Shine On

Would you like a bit of dirt with your salad?

An outspoken science writer claims dirt in our food can help fight off harmful bacteria. (Thinkstock)Embarrassed you've employed the 10-second rule and eaten something that's fallen on the ground? Don't be. At least one outspoken science writer says a little bit of dirt in our diets can be a good thing.

In a recent op-ed piece in the New York Times and in a CBC interview with Jian Ghomeshi, Jeff Leach says our diets and, in fact, our lives, have become so sanitized — our greens are triple-washed, our carrots are scrubbed clean, we bathe several times a day — we're at the point where our immune systems have been compromised and are less able to combat bacteria.

"Increasing evidence suggests that the alarming rise in allergic and autoimmune disorders during the past few decades is at least partly attributable to our lack of exposure to microorganisms that once covered our food and us," he writes.

Also see: California bans foie gras: Does the government have the right to tell you what to eat?

Farmers' markets might save us, he says. Carrots covered in soil, dirty lettuce and tomatoes with the ground still encrusted on its stems might help replace the missing microorganisms he claims we so sorely need in our diet.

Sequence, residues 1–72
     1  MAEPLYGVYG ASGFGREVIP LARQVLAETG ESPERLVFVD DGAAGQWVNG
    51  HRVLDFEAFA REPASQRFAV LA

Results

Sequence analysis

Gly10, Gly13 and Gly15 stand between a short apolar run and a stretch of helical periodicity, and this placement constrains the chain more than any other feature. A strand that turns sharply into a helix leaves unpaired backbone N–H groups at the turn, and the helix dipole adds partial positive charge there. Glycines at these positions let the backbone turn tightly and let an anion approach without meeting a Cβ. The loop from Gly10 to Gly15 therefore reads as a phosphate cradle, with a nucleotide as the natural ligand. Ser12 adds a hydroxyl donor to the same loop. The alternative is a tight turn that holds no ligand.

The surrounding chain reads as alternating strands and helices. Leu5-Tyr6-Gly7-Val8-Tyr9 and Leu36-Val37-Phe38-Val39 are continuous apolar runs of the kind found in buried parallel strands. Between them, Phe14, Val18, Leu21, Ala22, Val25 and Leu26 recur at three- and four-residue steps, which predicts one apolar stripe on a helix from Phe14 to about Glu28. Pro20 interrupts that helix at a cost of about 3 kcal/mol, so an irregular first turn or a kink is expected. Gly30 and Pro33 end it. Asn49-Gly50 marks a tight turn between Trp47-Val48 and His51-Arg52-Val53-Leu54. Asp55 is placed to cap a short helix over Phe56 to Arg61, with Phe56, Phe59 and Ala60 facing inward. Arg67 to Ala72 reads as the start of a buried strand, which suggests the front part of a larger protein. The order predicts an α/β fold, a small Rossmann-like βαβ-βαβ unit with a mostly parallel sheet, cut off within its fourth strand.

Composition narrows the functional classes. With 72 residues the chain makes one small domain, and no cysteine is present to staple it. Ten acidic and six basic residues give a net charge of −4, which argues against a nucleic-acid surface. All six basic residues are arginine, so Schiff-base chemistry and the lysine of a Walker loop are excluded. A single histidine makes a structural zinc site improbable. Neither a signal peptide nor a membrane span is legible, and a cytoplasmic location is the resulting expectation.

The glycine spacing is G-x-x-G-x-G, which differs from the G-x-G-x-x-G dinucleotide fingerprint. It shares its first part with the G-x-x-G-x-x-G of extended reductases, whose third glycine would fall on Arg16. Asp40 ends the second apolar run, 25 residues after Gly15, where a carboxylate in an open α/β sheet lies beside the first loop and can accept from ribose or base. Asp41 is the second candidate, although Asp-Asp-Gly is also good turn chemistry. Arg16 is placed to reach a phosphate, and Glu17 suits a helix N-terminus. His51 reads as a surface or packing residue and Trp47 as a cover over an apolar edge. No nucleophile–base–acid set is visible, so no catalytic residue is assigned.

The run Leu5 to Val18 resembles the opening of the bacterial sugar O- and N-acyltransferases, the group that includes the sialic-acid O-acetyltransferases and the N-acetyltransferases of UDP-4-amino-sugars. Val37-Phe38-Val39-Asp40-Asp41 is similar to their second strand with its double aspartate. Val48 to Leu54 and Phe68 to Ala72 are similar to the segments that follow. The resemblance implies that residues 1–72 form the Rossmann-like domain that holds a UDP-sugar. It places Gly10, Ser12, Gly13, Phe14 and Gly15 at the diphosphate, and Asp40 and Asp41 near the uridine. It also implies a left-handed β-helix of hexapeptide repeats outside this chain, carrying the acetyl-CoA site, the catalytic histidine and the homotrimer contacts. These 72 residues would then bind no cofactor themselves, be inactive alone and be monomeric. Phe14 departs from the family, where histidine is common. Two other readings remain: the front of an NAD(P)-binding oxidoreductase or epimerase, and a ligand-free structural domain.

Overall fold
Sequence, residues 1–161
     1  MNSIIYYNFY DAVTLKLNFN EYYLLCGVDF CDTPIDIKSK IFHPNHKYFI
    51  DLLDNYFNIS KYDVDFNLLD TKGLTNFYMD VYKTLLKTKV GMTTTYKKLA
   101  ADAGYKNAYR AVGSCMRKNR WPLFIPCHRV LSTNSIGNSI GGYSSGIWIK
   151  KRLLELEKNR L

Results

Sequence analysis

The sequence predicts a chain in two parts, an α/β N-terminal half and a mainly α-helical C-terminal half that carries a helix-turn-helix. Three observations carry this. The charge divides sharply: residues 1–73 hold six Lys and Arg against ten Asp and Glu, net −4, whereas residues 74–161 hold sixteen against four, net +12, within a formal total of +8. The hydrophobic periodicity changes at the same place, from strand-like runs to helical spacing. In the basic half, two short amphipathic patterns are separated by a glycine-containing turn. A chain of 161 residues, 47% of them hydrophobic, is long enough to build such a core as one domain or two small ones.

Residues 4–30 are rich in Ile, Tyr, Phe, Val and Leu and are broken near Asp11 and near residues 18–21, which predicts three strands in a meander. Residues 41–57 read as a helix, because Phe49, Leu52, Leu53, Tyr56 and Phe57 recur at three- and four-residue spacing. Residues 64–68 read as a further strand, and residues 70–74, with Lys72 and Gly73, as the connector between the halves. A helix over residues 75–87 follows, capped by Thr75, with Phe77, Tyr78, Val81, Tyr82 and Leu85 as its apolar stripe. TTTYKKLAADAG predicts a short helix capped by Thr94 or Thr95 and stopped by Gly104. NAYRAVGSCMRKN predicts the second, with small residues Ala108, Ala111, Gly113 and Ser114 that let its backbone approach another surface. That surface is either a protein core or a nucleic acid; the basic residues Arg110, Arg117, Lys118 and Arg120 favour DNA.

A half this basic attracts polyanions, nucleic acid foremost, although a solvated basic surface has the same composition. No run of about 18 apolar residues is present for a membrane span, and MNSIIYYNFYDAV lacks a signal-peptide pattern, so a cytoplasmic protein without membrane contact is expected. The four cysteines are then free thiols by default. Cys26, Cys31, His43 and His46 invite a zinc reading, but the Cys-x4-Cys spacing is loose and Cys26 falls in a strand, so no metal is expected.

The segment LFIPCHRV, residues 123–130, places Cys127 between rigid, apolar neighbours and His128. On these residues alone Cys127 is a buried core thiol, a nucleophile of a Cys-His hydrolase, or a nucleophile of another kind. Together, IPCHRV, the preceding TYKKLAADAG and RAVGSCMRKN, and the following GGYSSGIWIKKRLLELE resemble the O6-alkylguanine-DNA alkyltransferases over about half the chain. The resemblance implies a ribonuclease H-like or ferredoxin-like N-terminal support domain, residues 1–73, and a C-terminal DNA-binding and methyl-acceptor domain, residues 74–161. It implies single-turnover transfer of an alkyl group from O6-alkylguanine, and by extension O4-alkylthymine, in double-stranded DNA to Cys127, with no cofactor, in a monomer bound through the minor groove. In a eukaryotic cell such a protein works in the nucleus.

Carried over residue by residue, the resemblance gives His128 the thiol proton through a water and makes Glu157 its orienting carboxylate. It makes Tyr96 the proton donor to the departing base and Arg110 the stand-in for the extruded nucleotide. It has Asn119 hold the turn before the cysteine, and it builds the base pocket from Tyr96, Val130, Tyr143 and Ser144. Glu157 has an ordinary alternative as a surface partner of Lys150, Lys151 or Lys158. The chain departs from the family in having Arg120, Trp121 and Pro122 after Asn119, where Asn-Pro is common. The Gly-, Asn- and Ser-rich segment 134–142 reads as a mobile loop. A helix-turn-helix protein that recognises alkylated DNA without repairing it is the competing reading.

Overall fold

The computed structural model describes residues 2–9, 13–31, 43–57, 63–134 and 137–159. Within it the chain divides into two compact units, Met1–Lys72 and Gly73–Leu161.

Theresa Albert, a Toronto-based nutritionist and founder of MyFriendInFood.com, couldn't agree with Leach's theory more. Particularly, when it comes to bacteria most of us tend to avoid, like listeria.

"A healthy immune system can kill its own bacteria," she says. "Listeria is ubiquitous — it's everywhere. It's on the steering wheel, it's on your cell phone, it's everywhere. Most of us can kill it if we have good gut bacteria, if we have healthy immune systems and good acid in our stomachs."

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Albert says stomach acid is our first line of defense for fighting off bacteria like listeria. But when people take acid reducers, it weakens their ability to fight the bacteria that is on everything and everywhere.

"Germs on your apple, listeria on your hot dog, the body recognizes it and sends out fighter cells to kill it," she explains. "As soon as it's done that, it's learned. So it's like building a new muscle or learning to dance. It's a body memory. The body learns to kill these bacteria if it's treated well and if it's exposed to them."

A big fan of the ten-second rule, Albert is also a big believer in leaving some of the dirt you'll find on those farmers' market carrots — dirt that contains microbes which help to build good bacteria in our guts. And it has additional benefits, too, she says.

"Soil and the worm casings in that soil, for instance, have B12 that would help a vegan. Because a vegan won't be getting B12 from meat, they don't eat the meat."

Watch the video below for a great yellow tomato salad recipe.

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